I’ll preface this by saying I have some fairly strong opinions on the education system in the US. To be blunt, the traditional US eduction system is, by and large, a complete waste of time for an intelligent student. It teaches young people bad habits, sets unreasonable expectations, and differs in most fundamental aspects from the reality of the adult world. Continue reading
In my last post, I mentioned that I need a blender because buying groceries has been a disaster.
I’ll start by saying that the trend of putting your business into Google Maps hasn’t quite reached the tipping point yet in Argentina, so I have to rely on a combination of word-of-mouth referrals and wandering around aimlessly. Although my Spanish has improved since the blender blunder, the latter is actually quite a bit more productive at the moment. Verbal communication is still difficult, as I haven’t been able to hear out of my right ear since I fell asleep on the beach in Pinamar and woke up to a plane with a loudspeaker strapped to the bottom screaming at me about a “Motoshow MAS IMPORTANTE.” I don’t know what they were yelling about but it sounded like a mix between an American monster truck commercial and an episode of Sabado Gigante (Pinamar is a beach town about four hours away from here – picture a swimsuit contest, a Sweet 16 party, and every NASCAR sponsor, shaken up and dumped onto a beach at the Jersey Shore. And I mean that in the best way possible). Continue reading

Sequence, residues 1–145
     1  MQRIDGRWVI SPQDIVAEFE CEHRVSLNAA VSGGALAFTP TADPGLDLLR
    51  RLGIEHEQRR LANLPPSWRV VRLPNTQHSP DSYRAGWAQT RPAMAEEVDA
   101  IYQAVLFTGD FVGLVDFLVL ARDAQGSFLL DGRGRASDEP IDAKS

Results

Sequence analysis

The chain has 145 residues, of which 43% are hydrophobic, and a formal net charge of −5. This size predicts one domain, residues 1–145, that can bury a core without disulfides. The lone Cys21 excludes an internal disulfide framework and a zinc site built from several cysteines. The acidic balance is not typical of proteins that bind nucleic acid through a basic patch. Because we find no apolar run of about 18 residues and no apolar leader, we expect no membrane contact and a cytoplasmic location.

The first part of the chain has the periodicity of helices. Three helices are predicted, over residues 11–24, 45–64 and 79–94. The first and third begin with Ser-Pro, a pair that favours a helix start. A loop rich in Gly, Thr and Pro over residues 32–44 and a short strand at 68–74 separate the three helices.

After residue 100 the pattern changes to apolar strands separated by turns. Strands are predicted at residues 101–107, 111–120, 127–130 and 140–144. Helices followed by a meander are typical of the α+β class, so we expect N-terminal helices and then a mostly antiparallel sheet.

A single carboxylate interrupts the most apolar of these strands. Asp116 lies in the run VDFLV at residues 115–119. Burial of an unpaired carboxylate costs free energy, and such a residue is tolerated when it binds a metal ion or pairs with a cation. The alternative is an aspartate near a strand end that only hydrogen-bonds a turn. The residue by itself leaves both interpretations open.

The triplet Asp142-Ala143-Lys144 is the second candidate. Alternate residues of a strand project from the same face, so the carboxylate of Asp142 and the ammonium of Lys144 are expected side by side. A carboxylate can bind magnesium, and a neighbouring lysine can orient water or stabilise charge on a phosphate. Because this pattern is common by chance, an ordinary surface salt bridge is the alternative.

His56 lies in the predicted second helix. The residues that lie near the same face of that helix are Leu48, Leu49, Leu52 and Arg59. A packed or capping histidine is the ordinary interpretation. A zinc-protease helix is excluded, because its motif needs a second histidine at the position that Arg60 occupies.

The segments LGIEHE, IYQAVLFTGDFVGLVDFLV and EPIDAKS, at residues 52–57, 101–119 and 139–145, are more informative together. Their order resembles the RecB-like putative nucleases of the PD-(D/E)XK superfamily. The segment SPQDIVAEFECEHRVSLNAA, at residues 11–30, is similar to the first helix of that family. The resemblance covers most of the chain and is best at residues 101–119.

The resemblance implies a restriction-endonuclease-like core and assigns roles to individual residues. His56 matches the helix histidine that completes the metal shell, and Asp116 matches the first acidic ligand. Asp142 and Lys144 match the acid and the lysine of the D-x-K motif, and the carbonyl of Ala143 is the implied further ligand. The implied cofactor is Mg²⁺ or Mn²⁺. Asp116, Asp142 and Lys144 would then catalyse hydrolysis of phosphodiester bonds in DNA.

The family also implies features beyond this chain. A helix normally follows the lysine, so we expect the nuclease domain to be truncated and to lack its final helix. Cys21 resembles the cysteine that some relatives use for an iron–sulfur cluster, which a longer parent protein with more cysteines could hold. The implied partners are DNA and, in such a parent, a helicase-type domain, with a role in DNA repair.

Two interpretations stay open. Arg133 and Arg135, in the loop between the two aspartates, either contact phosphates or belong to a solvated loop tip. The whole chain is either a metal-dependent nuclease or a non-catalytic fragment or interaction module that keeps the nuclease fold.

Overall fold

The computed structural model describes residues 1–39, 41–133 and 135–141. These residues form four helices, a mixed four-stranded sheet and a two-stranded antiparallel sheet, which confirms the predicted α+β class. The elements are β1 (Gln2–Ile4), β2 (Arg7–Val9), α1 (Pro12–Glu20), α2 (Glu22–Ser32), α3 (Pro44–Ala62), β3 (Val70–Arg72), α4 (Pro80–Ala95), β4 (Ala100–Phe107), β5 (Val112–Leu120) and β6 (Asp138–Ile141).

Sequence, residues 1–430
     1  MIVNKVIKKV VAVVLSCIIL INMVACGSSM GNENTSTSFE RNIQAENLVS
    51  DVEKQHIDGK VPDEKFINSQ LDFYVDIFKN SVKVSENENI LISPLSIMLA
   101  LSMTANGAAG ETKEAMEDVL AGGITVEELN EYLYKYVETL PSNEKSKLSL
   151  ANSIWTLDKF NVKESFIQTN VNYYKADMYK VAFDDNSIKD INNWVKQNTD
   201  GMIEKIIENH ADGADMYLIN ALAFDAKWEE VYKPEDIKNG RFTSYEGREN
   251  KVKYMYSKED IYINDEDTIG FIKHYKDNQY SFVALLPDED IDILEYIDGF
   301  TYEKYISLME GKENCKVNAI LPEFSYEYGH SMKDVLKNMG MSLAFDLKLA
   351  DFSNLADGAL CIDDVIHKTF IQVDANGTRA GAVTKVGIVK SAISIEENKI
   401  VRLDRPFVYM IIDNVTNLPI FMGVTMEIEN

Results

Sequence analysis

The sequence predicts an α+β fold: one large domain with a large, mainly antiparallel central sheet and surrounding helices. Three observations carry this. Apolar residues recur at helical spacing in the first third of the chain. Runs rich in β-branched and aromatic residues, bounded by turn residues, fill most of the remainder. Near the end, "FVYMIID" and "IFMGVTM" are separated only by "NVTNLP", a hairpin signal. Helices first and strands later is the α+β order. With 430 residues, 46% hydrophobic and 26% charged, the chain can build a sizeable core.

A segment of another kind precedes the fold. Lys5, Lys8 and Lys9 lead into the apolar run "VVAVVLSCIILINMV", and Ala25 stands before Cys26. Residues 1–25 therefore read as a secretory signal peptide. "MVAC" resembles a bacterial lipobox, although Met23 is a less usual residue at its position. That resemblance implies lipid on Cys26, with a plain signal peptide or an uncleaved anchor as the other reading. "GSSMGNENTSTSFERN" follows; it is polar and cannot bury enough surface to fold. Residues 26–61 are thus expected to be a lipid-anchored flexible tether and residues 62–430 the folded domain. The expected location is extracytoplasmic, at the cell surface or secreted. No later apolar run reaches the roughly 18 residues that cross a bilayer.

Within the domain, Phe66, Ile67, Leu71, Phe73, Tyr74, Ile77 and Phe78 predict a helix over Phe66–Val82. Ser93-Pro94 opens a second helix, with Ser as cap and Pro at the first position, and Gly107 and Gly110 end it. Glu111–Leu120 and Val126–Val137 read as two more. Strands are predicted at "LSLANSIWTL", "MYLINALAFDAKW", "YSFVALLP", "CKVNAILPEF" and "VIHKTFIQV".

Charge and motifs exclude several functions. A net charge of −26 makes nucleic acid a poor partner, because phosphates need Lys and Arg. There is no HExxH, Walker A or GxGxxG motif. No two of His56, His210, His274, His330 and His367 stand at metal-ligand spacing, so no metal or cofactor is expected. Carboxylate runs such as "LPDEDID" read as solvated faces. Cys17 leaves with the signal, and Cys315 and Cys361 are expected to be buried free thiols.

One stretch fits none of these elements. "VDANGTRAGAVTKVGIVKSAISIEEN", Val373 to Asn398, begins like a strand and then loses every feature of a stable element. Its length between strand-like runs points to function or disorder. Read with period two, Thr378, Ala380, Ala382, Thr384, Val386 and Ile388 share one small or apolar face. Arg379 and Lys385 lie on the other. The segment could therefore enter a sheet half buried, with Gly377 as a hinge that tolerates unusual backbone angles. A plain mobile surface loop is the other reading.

“Americans who travel abroad for the first time are often shocked to discover that, despite all the progress that has been made in the last 30 years, many foreign people still speak in foreign languages.”
– Dave Barry
You don’t fully appreciate the ability to communicate until you transplant yourself into a foreign country. I’ve been here for 3 weeks now and I can say that moving here has been the equivalent of becoming an absolute moron overnight. This story chronicles my quest to buy a blender. Continue reading